Well, that’s somewhat of a personal question to ask – isn’t it? But, we are all a close family here at BiggerPockets after all, so what the heck… Do you do it yourself?
Look at this Guy –>
The tee-shirt, the over-alls, the heavy-duty construction boots; the only thing missing is the checkered flannel shirt. This guy is definitely rugged and sturdy. You can almost smell the strong, stubborn, I can do this Irish flavor radiating from the page.
Now – you know this dude does it all himself. Can you see him with a hammer or a reciprocating saw in his hands? I can! I bet he spent two whole days last week laying carpet in one of his rentals. In fact, if you ask him he’ll tell you that he got it done in one day… Kinda sexy actually if you are into that kind of thing.
But, Then There’s This Guy:
Fine suit, nice shirt, a tie, dark hair, dark skin, dark eyes – the refined European type, wouldn’t you say? If you guessed that this guy wouldn’t know the working end of a hammer – you’d be wrong, but not by much. For the most part, the few things those hands are accustomed to handling are his kids, his violin, and his cell phone. While he also owns rentals, I would not be lying to you if I said that the last time he touched a piece of construction equipment was about 4 years ago; trust me – I was there!
Necessity and Practicality
I don’t mind telling you that this guy actually loves wood-working – he told me so. As a child, in Russia, he used to slip out of the house when his parents thought he was practicing the violin, and run to the shed instead to make spears, swords, shields, boats – you name it. So, why does he shy away from doing labor now days? After all, he could save himself so much money by doing it himself.
Two reasons – necessity, and practicality.
You may know that when in college this guy – let’s just call him Billy-Bob, seems appropriate. But, anyway, when in college he was diagnosed with Multiple Sclerosis, which is very likely going to impede his capacity to function physiologically as time moves on. The very essence of his involvement in real estate was to solve the problem of income-generation when the time comes and he is not able to punch the clock.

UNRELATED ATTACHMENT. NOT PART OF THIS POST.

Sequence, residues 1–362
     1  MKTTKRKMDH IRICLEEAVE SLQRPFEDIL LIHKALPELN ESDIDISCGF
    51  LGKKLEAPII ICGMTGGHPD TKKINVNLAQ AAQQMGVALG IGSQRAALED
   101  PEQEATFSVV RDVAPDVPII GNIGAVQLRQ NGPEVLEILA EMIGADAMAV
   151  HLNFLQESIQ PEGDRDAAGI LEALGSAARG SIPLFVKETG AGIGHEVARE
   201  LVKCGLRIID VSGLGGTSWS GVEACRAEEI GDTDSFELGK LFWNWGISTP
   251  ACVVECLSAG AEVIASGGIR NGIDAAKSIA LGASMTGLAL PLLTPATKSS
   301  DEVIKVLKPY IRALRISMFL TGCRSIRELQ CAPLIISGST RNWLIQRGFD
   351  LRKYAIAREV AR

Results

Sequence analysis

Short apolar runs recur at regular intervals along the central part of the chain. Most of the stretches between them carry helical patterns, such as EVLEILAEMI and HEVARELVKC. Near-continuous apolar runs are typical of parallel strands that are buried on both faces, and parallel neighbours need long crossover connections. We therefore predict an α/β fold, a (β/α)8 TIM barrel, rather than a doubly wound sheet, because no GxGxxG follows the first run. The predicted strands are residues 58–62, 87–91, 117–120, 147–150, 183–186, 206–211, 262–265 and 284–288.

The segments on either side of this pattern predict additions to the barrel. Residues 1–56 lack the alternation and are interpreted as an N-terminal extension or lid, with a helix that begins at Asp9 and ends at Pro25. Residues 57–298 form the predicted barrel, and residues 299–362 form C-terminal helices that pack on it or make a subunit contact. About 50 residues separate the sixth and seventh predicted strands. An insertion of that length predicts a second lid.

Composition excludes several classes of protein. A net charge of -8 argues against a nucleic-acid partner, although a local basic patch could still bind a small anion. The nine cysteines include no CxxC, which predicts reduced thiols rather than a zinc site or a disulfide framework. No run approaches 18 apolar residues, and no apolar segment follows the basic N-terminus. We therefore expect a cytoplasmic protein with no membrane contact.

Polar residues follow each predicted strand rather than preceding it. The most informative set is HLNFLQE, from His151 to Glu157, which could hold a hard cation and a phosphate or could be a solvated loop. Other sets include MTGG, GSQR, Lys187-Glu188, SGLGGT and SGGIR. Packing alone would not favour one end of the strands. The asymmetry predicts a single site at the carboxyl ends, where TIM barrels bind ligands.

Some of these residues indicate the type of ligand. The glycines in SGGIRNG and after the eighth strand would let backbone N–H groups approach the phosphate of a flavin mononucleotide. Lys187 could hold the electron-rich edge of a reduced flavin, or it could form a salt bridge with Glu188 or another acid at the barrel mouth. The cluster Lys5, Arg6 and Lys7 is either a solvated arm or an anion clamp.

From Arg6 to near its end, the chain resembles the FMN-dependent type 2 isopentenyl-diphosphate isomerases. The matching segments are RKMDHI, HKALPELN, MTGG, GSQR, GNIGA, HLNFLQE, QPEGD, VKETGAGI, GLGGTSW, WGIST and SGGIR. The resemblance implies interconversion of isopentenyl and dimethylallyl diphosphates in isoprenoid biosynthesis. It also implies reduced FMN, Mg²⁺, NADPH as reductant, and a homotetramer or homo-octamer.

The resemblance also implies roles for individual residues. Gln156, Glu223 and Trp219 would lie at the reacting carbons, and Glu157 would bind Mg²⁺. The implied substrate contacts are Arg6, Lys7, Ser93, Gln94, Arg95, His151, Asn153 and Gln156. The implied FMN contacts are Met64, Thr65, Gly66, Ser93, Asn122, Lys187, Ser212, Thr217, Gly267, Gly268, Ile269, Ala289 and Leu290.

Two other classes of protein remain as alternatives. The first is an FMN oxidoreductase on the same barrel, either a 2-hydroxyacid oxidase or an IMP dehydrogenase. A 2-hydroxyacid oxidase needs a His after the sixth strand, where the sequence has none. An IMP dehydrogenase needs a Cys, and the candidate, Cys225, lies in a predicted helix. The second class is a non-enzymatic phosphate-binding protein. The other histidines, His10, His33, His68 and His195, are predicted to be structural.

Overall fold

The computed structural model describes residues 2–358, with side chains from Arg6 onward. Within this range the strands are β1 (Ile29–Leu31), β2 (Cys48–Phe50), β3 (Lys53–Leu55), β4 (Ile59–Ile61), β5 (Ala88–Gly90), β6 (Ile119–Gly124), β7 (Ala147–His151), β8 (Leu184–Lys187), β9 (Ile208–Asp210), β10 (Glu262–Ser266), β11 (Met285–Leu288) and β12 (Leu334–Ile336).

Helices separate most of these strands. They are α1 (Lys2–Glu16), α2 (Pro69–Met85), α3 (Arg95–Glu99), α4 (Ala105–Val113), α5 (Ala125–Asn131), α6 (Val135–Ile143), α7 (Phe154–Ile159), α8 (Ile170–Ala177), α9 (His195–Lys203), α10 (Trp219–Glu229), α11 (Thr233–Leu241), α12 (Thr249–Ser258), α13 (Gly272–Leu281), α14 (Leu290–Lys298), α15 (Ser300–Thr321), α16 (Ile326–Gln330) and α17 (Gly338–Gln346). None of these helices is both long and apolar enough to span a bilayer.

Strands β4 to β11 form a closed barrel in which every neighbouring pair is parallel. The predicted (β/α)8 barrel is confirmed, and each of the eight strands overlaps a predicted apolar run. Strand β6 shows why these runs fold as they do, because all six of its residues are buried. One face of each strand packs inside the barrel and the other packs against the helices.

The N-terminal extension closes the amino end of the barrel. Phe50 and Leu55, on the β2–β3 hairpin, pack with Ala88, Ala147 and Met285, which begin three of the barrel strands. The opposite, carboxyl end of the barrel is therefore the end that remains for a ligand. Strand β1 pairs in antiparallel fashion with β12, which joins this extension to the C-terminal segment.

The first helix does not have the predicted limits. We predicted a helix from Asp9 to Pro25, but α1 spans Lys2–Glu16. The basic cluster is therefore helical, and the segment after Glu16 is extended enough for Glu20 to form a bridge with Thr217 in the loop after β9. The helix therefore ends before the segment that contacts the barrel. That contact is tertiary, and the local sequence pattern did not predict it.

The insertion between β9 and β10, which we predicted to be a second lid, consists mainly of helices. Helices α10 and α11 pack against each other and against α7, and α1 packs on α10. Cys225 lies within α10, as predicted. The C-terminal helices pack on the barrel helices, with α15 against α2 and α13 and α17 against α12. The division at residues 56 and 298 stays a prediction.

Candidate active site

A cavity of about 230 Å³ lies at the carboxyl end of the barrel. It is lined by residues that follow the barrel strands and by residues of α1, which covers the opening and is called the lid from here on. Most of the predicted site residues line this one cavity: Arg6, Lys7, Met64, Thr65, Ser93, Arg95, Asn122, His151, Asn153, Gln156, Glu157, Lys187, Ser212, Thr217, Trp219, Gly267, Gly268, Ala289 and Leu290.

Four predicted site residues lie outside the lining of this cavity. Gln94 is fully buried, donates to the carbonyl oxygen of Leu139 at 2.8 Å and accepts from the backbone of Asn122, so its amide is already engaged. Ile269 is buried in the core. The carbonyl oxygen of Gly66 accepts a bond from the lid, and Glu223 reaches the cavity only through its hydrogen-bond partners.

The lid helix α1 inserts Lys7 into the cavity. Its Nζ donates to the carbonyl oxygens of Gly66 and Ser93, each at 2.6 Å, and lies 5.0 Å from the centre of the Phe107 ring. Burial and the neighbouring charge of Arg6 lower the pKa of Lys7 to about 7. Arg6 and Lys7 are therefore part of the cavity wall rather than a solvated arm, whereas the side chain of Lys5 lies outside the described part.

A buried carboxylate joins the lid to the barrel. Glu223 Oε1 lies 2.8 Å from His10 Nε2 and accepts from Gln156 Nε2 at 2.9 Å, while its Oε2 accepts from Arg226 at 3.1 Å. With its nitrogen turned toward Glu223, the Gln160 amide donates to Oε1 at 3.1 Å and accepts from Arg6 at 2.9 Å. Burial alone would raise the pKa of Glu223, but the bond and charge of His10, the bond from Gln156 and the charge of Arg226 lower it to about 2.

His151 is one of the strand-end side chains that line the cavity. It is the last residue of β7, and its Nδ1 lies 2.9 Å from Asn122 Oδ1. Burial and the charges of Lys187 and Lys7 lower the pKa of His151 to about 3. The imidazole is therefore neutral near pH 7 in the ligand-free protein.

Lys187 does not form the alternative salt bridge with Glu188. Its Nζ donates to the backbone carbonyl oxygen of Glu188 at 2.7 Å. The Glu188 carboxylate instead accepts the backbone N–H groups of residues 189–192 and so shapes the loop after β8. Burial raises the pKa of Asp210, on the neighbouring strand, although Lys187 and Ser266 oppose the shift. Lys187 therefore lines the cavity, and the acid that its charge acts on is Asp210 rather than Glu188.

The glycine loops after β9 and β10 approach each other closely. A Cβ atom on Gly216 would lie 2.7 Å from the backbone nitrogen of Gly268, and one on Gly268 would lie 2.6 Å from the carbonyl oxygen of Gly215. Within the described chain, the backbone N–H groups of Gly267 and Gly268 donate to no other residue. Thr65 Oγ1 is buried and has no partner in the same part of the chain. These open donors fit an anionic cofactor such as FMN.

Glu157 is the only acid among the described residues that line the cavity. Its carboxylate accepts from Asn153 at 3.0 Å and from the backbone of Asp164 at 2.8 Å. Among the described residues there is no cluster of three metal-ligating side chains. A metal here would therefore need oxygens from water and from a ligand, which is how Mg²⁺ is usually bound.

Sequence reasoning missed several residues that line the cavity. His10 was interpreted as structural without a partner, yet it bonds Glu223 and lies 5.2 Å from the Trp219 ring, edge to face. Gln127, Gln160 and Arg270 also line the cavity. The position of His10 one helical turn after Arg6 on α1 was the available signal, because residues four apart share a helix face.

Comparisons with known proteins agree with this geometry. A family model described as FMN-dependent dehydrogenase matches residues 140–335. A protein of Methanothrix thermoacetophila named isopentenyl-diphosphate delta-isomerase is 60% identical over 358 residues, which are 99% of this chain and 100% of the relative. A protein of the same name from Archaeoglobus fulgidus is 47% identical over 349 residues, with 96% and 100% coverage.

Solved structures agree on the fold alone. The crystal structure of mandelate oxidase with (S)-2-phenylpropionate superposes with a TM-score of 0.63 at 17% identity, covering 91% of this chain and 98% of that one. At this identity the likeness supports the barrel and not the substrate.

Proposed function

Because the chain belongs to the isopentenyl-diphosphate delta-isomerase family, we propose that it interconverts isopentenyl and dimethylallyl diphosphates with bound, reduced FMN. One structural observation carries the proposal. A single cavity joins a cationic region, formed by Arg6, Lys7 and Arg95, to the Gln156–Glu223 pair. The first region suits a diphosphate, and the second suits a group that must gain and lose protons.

Thus, Billy-Bob views real estate investing as a passive income sport – as much as possible anyway. With this in mind, he made a decision early on that if it were not possible to succeed in this business without being in the middle of working construction equipment, then this business was not what he was looking for. Thankfully, it is very possible…
All of us define that which we would consider success. For this guy, success in real estate is defined as 100 units, fully leveraged, with $130 – $150 of monthly cash flow per door. As some of the leverage is amortized the cash flow would go to $200/door, which would constitute $20,000+ per month – this is the goal. He may not stop there, but this is the 1st point of reference for this guy.
Now – is it wise or practical to hope to take care of 100 units on your own? No – it is not; this requires a manager and a well-functioning team. Thus, this guy made a choice from the get-go to outsource everything, which frees his time to manage and build systems that will accommodate the growth of his business. This is what he deems as practical…
Besides, if the idea of income-producing real estate is PASSIVE CASH FLOW, passive being the operative word, that working for money doesn’t quite fit the bill!
I know a lot of hugely successful real estate investors who involve themselves in the construction/maintenance work on a daily basis, and therefore I will never judge that one way is better than the other. In the end, our decision-making process is driven by the realities on the ground, both in terms of our financial position, health, time, and more…
But, before you decide to do it yourself, I encourage you to consider the long-term ramifications of this decision. What kind of a business do you see yourself on top of 20 years from now?
Thanks so much for reading and please leave a comment
Photo Credit: Marsum